IntersectionalityReligion Meeting Societal Expectations Of Right And Wrong With “Hijab”

Meeting Societal Expectations Of Right And Wrong With “Hijab”

My harasser never wore his hijab. At the end of the day, all responsibilities to maintain the rectitude are put on women and their hair and hijab.

Observably, more and more women in Kashmir today wear hijab, a term liberally used for any garment used by women to cover up. The spike in women covering up is a trend celebrated without any aspersions as it falls in line with the society’s religious morality – which often mistakes hijab to solely refer to voluminous cloaks. The state does not enforce a dress code, but the latent attitudes compel women to put themselves away.

Early in university, Aiman’s professor would regularly sermonize her on the significance of dupatta – which he called hijab colloquially. He would preach all her friends alike, who eventually gave in to his badgering. Aiman didn’t.

The sermons continued, during classes, lunch breaks and almost every time they crossed. Frustrated with Aiman’s refusal to comply, the professor called her friends to know more about her. Once he learnt that Aiman lived with her mother, a divorcee, he would no longer pester her. The reason: “Since she’s fatherless, it is expected of her.”

The words, says Aiman, made her realize the shallowness of the belief system of people around her. That she lived with her mother was reason enough to consider her a deviant and her not wearing hijab was taken as a proof of same by her professor.

Had she been wearing one, the professor might have been more reassuring. But now, she was far from deserving it. On the other hand, a close friend, Heba, was never asked by her father to wear hijab yet she does. It was the summer of 2011 that changed our perspectives regarding hijab. Perhaps on the same day, while I was harassed by a man in a local bus as I covered my head with a scarf and wrapped my body with a wide dupatta, she was humiliated in a local bus elsewhere for not wearing one.

Till then, I had been feeling safe wearing a hijab and she had been feeling comfortable in her attire. The talk about hijab does come up with the family at one time or the other. Even if the parents agree to give a choice to their daughters regarding the hijab, there has to be someone in the mohalla, a friend or any distant relative who has to influence the choice and sometimes it’s the prospective in-laws that play the role.

In our first meeting, 18-year-old Shehla instantly opened up about how the ‘morally sanctioned attire’ of salwar kameez and headscarf made her uncomfortable. “The scarf feels like a heavy helmet that blocks my breathing and the salwar as if the fabric is dancing in my legs.” She had not been the same all along. At 14, scoring higher grades in boards than her male friend led the latter telling her parents that Shehla could be seen roaming around with her boyfriend. In the conservative and morally paranoid society that Kashmir is, Shehla’s parents believed the boy. She was confined for days and let off only if she agreed to wear salwar kameez and a head scarf. She has since then. The hijab, she says, is a constant reminder of mistrust of her family and her vulnerability.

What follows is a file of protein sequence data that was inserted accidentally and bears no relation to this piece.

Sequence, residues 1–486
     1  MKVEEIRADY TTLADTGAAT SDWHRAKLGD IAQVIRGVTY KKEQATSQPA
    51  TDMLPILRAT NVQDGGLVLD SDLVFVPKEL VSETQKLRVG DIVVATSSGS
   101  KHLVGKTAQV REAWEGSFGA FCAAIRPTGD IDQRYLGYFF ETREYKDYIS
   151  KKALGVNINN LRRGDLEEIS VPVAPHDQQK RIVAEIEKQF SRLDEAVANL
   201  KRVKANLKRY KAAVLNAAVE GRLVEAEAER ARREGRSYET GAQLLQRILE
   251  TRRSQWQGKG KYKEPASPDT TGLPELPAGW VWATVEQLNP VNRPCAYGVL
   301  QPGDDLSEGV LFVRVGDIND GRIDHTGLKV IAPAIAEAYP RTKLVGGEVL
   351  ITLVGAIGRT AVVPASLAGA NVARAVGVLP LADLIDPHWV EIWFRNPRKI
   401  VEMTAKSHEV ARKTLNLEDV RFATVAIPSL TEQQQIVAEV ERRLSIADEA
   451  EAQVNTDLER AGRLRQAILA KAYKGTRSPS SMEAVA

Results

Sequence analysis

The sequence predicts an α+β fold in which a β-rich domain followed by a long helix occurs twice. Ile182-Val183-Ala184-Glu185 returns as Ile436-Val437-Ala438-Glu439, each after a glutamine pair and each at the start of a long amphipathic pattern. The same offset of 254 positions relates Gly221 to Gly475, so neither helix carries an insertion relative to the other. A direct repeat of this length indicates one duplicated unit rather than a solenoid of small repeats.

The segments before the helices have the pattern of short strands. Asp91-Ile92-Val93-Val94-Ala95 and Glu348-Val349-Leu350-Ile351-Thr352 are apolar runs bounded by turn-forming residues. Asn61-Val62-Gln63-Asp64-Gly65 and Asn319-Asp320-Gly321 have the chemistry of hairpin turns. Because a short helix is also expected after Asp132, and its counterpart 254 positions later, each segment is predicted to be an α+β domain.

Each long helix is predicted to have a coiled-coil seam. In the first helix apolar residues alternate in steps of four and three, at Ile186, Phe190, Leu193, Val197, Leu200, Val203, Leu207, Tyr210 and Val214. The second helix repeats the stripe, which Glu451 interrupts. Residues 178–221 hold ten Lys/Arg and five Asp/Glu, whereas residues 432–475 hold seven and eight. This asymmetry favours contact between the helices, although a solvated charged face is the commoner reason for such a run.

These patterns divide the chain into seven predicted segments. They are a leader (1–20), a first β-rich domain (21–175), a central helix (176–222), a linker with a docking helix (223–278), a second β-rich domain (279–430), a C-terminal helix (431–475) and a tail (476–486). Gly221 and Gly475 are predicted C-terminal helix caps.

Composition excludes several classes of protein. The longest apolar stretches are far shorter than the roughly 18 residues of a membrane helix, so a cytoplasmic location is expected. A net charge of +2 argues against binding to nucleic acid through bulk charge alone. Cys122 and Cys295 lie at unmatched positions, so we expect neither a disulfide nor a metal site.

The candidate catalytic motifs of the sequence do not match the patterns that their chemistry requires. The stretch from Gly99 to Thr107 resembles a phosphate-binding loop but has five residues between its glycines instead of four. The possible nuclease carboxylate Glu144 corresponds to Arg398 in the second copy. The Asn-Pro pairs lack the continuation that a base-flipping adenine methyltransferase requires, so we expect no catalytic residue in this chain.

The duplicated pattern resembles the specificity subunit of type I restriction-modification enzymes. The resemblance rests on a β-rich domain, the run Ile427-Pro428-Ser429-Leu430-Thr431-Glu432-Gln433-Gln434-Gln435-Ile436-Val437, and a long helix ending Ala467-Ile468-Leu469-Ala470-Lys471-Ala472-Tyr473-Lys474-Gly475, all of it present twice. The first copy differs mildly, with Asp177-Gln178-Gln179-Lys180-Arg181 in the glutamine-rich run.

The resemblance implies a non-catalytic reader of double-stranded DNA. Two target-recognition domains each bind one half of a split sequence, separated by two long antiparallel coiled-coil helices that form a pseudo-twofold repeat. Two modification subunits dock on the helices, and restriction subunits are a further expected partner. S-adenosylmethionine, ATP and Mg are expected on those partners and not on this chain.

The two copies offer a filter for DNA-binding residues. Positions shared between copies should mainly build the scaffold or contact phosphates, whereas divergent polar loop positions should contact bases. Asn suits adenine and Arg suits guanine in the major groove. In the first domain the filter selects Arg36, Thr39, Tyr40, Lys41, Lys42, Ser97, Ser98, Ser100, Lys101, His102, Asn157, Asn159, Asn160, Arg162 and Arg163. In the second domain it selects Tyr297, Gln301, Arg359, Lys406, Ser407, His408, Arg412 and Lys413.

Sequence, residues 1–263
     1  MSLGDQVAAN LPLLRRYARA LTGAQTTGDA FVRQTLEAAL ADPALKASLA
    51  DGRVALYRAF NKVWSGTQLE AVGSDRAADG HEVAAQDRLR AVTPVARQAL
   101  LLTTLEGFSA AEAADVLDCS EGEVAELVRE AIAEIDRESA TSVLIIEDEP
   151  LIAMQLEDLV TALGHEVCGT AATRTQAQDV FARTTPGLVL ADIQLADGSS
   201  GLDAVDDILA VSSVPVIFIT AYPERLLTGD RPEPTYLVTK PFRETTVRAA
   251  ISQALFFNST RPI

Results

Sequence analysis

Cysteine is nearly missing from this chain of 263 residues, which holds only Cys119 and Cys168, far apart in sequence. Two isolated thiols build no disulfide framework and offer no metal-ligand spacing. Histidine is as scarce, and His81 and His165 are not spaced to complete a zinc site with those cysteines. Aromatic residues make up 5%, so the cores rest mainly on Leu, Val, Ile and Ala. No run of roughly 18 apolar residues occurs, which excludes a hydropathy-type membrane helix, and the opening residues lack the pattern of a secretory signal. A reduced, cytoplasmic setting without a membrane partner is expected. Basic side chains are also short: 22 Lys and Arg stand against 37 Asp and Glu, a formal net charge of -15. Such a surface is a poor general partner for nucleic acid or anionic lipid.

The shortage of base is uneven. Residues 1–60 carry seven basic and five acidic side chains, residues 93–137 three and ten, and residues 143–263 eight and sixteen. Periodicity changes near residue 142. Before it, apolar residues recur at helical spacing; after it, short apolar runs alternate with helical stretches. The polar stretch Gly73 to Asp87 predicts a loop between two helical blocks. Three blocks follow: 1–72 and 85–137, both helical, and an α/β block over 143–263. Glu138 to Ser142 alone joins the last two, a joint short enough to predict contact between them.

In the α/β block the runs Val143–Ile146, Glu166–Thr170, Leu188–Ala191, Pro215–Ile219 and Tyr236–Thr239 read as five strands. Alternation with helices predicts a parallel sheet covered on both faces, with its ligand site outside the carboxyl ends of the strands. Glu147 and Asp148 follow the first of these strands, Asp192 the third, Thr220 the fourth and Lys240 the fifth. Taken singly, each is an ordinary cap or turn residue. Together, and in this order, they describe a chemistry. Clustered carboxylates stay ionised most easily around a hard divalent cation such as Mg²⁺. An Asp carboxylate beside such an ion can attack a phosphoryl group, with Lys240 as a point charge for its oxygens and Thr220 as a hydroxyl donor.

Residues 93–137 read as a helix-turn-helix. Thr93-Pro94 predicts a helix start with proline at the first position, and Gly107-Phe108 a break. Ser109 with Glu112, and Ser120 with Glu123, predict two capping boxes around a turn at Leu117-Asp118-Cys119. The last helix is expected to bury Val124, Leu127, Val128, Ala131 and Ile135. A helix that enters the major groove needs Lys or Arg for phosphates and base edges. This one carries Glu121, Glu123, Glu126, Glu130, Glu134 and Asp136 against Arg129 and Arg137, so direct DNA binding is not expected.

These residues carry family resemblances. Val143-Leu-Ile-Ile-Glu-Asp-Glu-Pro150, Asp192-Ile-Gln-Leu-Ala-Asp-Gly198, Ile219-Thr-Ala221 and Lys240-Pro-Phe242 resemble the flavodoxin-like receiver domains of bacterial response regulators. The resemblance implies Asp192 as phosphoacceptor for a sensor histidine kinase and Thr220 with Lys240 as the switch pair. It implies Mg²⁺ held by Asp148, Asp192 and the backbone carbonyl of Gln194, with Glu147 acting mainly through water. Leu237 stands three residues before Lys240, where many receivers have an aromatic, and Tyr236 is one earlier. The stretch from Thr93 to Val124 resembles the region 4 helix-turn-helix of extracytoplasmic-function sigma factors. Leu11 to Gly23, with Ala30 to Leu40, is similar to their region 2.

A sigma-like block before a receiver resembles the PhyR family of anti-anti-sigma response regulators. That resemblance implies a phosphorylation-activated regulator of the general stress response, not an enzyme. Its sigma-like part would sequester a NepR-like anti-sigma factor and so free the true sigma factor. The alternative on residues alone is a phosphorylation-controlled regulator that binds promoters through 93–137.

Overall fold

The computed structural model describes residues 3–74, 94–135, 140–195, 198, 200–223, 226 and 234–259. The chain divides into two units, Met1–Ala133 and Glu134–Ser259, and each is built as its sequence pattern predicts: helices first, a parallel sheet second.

Shehla was coerced when she was just 14 and today it feels like a noose to her. She is yet to accept it as a natural part of her dressing. However, many women do, and many others just get accustomed to it and later advocate it for others- their friends, daughters and sometimes even strangers.

Apart from using hijab as a barometer of a woman’s chastity and morality, the way it is worn also manages to raise eyebrows. Many women wearing it spruce it according to their style. There are numerous posters across the city comparing women in a conventional style abaya to a woman in wearing head scarf over a western dress. The former is marked as right and the latter as wrong. Such distinctions only perpetuate an idea that latter do it only as a style statement and requires to be rectified.

From wearing it or not, the other dictum is hence on “how to wear it”. Hijab, like all other things, has to be recognized as a private affair and not a collective ordinance by society. When that happens, it is likely that women find themselves confused between their choices with the societal obligation.

Looking at the religious perspective of it, the concept is rather broader than the societal interpretations. It is a practice of modesty at all ends, by all genders in specific ways. My harasser never wore his hijab. The men who pass crass comments on roadsides seeing any woman wear no hijab. At the end of the day, all responsibilities to maintain the rectitude are put on women and their hair and head scarves. So if there is a flood or an earthquake or anything incongruous, a simple explanation is that women drifting from religion is the cause. One of the signs of ‘drifting’ is not wearing hijab, irrespective of their inner selves.

Also read: To Hijab Or Not To Hijab: Should I Follow The Crowd?

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